Because cancer in children is rare, taking part in a clinical trial should be considered. Some clinical trials are open only to patients who have not started treatment.

Children with ALL should have their treatment planned by a team of doctors with expertise in treating childhood leukemia.

Treatment will be overseen by a pediatric oncologist, a doctor who specializes in treating children with cancer. The pediatric oncologist works with other pediatric health professionals who are experts in treating children with leukemia and who specialize in certain areas of medicine. These may include the following specialists:

Regular follow-up exams are very important. Treatment can cause side effects long after it has ended. These are called late effects. Radiation therapy to the brain may cause changes in mood, feelings, thinking, learning, or memory. Children younger than 4 years have a higher risk of side effects from radiation therapy to the brain.

Late effects of treatment for ALL also include the risk of second cancers (new types of cancer), especially brain tumors.

Some late effects may be treated or controlled. It is important to talk with your child's doctors about the possible late effects caused by some treatments. See the PDQ summary on Late Effects of Treatment for Childhood Cancer.

The treatment of childhood ALL usually has three phases.

The treatment of childhood ALL is done in phases:

  • Induction therapy: This is the first phase of treatment. The goal is to kill the leukemia cells in the blood and bone marrow. This puts the leukemia into remission. This is also called the remission induction phase.
  • Consolidation/ intensification therapy: This is the second phase of therapy. It begins once the leukemia is in remission. The goal of consolidation/intensification therapy is to kill any remaining leukemia cells that may not be active but could begin to regrow and cause a relapse.
  • Maintenance therapy: This is the third phase of treatment. The goal is to kill any remaining leukemia cells that may regrow and cause a relapse. Often the cancer treatments are given in lower doses than those used for induction and consolidation/intensification therapy. This is also called the continuation therapy phase.

Four types of standard treatment are used:

Chemotherapy

Chemotherapy is a cancer treatment that uses drugs to stop the growth of cancer cells, either by killing the cells or by stopping them from dividing. When chemotherapy is taken by mouth or injected into a vein or muscle, the drugs enter the bloodstream and can reach cancer cells throughout the body ( systemic chemotherapy). When chemotherapy is placed directly into the cerebrospinal fluid (intrathecal), an organ, or a body cavity such as the abdomen, the drugs mainly affect cancer cells in those areas ( regional chemotherapy). Combination chemotherapy is treatment using more than one anticancer drug.

The way the chemotherapy is given depends on the child's risk group. Children with high-risk ALL receive more anticancer drugs, higher doses of anticancer drugs, and receive treatment for a longer time than children with standard-risk ALL.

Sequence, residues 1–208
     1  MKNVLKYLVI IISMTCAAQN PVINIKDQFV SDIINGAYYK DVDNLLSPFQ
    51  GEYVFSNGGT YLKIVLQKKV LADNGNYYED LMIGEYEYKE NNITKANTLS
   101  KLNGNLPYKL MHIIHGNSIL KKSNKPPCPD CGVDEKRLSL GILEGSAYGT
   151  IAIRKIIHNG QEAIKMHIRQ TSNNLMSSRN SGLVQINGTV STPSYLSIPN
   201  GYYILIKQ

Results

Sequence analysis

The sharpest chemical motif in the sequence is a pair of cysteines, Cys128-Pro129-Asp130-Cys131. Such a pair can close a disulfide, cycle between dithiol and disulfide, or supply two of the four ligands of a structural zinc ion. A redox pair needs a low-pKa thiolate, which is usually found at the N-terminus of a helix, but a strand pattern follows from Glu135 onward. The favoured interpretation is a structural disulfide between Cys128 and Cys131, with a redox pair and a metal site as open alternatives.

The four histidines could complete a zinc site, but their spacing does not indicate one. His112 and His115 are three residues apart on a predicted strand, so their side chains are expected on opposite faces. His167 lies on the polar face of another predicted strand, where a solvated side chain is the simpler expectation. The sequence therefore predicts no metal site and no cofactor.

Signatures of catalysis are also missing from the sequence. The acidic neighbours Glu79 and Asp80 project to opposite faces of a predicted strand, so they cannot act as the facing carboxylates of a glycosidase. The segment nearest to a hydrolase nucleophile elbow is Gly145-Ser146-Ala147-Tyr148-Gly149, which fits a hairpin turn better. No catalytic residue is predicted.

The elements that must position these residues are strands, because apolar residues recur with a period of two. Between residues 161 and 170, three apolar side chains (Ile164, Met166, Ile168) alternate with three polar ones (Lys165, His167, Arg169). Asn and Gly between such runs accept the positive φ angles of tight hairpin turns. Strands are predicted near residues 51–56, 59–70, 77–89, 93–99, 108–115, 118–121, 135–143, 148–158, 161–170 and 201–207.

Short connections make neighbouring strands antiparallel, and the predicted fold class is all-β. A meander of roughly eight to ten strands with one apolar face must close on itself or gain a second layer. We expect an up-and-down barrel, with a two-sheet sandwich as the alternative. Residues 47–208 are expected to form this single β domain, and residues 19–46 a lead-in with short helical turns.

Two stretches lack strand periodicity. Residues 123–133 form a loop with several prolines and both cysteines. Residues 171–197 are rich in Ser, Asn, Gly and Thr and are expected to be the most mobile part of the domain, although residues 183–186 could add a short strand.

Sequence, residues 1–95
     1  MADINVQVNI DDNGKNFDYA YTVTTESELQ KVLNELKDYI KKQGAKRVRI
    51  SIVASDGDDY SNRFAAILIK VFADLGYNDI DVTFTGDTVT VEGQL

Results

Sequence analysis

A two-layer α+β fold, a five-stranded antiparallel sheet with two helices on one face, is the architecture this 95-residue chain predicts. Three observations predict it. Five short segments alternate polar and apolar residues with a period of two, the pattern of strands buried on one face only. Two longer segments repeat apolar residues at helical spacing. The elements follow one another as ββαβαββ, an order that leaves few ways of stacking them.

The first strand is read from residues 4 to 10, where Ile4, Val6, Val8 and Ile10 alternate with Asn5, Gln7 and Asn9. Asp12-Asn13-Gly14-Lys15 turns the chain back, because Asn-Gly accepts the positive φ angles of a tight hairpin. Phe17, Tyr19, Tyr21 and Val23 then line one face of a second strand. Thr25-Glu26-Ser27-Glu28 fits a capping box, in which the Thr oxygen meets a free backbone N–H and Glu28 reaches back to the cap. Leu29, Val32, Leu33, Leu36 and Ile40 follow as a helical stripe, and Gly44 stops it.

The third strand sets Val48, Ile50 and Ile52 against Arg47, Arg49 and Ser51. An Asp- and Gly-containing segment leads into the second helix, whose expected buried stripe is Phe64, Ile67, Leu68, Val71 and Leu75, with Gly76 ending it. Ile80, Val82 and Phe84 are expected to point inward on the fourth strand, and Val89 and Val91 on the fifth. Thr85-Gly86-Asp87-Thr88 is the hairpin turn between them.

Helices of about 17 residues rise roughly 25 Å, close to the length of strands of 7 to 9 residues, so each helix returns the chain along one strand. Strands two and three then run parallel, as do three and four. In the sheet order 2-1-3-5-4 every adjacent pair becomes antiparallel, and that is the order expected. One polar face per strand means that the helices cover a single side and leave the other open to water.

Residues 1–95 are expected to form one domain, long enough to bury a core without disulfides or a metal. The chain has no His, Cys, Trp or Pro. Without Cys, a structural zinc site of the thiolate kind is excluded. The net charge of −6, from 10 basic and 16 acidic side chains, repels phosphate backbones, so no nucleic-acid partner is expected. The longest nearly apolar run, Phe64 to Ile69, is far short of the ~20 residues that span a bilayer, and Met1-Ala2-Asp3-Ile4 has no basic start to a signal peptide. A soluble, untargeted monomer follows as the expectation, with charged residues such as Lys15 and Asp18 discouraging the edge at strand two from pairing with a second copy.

See Drugs Approved for Acute Lymphoblastic Leukemia for more information.

Radiation therapy

Radiation therapy is a cancer treatment that uses high-energy x-rays or other types of radiation to kill cancer cells or keep them from growing. There are two types of radiation therapy. External radiation therapy uses a machine outside the body to send radiation toward the cancer. Internal radiation therapy uses a radioactive substance sealed in needles, seeds, wires, or catheters that are placed directly into or near the cancer. External radiation therapy may be used to treat childhood ALL that has spread, or may spread, to the brain and spinal cord.

Chemotherapy with stem cell transplant

Stem cell transplant is a method of giving high doses of chemotherapy and sometimes radiation therapy, and then replacing the blood-forming cells destroyed by the cancer treatment. Stem cells (immature blood cells) are removed from the blood or bone marrow of a donor. After the patient receives treatment, the donor's stem cells are given to the patient through an infusion. These reinfused stem cells grow into (and restore) the patient's blood cells. The stem cell donor doesn't have to be related to the patient.

Stem cell transplant is rarely used as initial treatment for children and teenagers with ALL. It is used more often as part of treatment for ALL that relapses (comes back after treatment).

See Drugs Approved for Acute Lymphoblastic Leukemia for more information.

Targeted therapy

Targeted therapy is a treatment that uses drugs or other substances to identify and attack specific cancer cells without harming normal cells.

Tyrosine kinase inhibitors (TKIs) are targeted therapy drugs that block the enzyme, tyrosine kinase, which causes stem cells to become more white blood cells or blasts than the body needs. For example, imatinib mesylate (Gleevec) is a TKI used in the treatment of children with Philadelphia chromosome-positive ALL.

New kinds of targeted therapies are also being studied in the treatment of childhood ALL.

See Drugs Approved for Acute Lymphoblastic Leukemia for more information.

Treatment is given to kill leukemia cells that have spread or may spread to the brain, spinal cord, or testicles.

Treatment to kill leukemia cells or prevent the spread of leukemia cells to the brain and spinal cord is called CNS-directed therapy. Chemotherapy may be used to treat leukemia cells that have spread, or may spread, to the brain and spinal cord. Because standard chemotherapy may not reach leukemia cells in the CNS (brain and spinal cord), the cells are able to "find sanctuary" (hide) in the CNS. Chemotherapy given in high doses or intrathecally (into the cerebrospinal fluid) is able to reach leukemia cells in the CNS. External radiation therapy may also be used to treat children and teenagers in the high risk group.